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Since 2006, the Albany campus and the Nature Learning Center have served as the headquarters for Tin Mountain Conservation Center. Tin Mountain owns just over 300 acres in Albany, NH.  These 300 acres consist of the Rockwell Sanctuary, the Dr. Michael Cline Memorial Forest, The Margaret Marshall Mountain Laurel Warbler Garden and the Lori Jean Kinsey Arboretum & Sanctuary. About 10 miles of trails weave in, around and through the fields and forests of the whole property.  The observation platform, benches and boardwalks, as well as the trails around 6-acre Chase Pond, provide great spots for bird watching.  If you’re quiet and lucky, you may spot a beaver or otter.

Although all the sanctuaries, gardens and forests are connected, you can park in different areas to visit each one or park at the Nature Learning Center and visit all of them.  The Rockwell Sanctuary is named after Barbara Henry Rockwell, founder of Tin Mountain Conservation Center in 1980. She was a visionary who saw the need to teach children, experientially, about the natural world around them.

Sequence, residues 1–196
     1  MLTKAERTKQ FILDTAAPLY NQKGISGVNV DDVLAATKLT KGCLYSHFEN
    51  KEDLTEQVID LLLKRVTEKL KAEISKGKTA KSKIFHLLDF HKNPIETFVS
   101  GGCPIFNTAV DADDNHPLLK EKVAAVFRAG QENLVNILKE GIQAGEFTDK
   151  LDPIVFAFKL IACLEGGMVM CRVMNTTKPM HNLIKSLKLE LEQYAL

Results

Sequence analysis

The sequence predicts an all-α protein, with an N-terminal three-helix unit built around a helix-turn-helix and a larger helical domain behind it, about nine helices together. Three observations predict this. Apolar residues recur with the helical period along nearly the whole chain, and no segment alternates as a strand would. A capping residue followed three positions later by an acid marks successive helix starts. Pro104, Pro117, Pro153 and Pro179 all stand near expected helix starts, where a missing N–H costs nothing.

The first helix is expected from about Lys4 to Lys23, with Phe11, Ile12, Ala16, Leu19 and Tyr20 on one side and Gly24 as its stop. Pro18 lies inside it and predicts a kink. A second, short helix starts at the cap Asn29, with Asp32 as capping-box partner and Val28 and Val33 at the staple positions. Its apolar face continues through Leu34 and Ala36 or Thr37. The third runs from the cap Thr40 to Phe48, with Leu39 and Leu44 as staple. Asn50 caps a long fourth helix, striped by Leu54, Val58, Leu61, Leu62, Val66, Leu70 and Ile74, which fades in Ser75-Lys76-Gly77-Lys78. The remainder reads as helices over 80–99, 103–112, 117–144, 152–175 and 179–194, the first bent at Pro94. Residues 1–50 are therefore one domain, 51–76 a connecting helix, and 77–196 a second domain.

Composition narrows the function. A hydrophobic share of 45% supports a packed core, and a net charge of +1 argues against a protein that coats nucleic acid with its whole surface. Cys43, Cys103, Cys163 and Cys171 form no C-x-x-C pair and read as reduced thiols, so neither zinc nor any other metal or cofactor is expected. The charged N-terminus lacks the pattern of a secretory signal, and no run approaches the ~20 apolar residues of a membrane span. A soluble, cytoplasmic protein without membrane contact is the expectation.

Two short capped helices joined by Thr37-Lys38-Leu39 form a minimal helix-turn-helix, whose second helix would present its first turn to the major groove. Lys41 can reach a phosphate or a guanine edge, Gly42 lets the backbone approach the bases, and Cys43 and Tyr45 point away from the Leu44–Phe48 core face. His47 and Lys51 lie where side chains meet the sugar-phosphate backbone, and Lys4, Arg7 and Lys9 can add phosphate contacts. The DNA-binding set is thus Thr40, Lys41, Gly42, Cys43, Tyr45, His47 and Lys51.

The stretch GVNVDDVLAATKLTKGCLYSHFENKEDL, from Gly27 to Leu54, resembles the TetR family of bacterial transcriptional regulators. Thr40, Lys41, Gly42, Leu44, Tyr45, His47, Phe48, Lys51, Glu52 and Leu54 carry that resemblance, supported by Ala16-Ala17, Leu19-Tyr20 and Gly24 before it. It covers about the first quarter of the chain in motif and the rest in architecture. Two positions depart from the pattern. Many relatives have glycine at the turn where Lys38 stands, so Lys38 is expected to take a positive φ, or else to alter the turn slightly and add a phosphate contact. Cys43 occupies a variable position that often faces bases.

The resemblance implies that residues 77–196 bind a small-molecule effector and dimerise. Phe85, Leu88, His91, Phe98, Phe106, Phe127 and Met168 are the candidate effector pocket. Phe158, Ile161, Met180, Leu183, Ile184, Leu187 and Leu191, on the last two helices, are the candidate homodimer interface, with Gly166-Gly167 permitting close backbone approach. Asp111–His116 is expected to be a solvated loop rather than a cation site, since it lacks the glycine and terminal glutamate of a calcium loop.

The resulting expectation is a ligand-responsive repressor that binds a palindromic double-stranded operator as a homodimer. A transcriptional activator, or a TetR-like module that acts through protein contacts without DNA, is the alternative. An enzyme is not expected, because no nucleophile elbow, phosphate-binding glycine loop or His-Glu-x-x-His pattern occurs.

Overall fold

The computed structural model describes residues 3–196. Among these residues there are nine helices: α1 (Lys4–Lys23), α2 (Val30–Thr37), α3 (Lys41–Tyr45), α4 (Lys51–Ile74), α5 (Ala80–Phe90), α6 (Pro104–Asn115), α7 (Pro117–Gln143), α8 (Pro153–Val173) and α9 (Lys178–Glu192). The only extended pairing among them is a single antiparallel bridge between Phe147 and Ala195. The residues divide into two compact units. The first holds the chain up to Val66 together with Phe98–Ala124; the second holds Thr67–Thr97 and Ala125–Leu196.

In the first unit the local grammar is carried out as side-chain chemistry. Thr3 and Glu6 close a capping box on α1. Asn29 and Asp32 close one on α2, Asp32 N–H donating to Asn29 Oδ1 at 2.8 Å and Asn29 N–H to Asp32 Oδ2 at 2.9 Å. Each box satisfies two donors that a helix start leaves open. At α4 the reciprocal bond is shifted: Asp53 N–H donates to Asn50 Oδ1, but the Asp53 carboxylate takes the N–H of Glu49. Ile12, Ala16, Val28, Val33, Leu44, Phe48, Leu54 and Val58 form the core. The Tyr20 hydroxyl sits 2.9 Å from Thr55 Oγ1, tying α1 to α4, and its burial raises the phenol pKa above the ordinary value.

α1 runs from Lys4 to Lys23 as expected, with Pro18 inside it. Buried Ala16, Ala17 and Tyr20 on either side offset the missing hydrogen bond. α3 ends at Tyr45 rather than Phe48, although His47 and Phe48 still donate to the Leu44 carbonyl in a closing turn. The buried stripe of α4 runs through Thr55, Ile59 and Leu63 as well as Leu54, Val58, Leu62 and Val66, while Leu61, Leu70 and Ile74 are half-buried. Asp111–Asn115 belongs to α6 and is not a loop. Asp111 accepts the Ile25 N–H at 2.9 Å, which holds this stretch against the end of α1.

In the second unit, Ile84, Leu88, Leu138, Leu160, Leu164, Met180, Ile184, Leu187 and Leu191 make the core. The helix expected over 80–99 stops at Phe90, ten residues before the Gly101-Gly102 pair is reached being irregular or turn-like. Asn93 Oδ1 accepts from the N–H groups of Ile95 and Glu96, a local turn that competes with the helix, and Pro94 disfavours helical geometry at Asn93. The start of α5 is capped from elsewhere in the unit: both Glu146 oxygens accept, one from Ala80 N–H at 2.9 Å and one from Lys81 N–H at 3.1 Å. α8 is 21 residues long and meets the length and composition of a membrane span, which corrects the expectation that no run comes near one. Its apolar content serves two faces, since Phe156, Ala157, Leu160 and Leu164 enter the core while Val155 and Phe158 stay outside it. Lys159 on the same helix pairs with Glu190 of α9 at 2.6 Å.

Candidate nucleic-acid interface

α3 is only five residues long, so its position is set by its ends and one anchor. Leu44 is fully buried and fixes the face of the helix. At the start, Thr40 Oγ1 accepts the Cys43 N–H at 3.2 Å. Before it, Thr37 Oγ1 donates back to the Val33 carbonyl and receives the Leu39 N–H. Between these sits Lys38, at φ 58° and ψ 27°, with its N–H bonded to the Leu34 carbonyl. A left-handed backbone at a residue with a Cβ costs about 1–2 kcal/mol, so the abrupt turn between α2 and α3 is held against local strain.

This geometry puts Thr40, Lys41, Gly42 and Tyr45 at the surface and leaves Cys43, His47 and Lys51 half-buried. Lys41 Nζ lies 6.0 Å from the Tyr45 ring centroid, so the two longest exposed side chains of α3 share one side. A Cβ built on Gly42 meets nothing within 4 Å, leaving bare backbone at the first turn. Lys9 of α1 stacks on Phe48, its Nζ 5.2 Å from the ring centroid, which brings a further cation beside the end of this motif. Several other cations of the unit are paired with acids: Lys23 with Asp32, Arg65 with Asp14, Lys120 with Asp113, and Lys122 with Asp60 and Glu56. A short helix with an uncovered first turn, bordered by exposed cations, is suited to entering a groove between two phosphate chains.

The land for the Memorial Forest was named in memory of Dr. Michael Cline, a forester and long-time beloved Executive Director of Tin Mountain Conservation Center.  Parking for the Dr. Michael Cline Memorial Forest is available at the small lot across from the water tank on Bald Hill Road.  

In 2021, The Board of Trustees unanimously voted to honor long-time board member Margaret Marshall by naming a section of the Albany Campus, featuring the largest and most northern patch of native Mountain Laurels, in her honor.  Hence the Margaret Marshall Mountain Laurel Warbler Garden was established.  There is space for a few cars on Bald Hill Rd by the engraved rock bearing the name of the garden.  Every spring in late June, this section of forest erupts in spectacular mountain laurel blooms, which attract black-throated blue warblers.  

Finally, the 73 acre Lori Jean Kinsey Arboretum and Sanctuary was named after long-time Tin Mountain employee and current Executive Director.  Lori joined Tin Mountain as the first Teacher-Naturalist in 1984 and was named the first LL Bean Environmental Educator in 2008. Be sure to explore the 1.2 mile Accessible Nature Trail located in the LJK Arboretum and Sanctuary. The trail's flat surface and gradual grades welcome everyone.  Beautiful stonework, a Chocorua overlook, benches along the way and 'bump-outs' with benches make this an inviting place to walk, sit, listen to and enjoy the natural world.  Bring a picnic lunch to enjoy at one of the picnic tables in the Kendal C. and Anna Ham Foundation Pavilion.

There’s so much to see at Tin Mountain in Albany.  Enjoy this gallery of sights, you’ll have to visit to hear the sounds!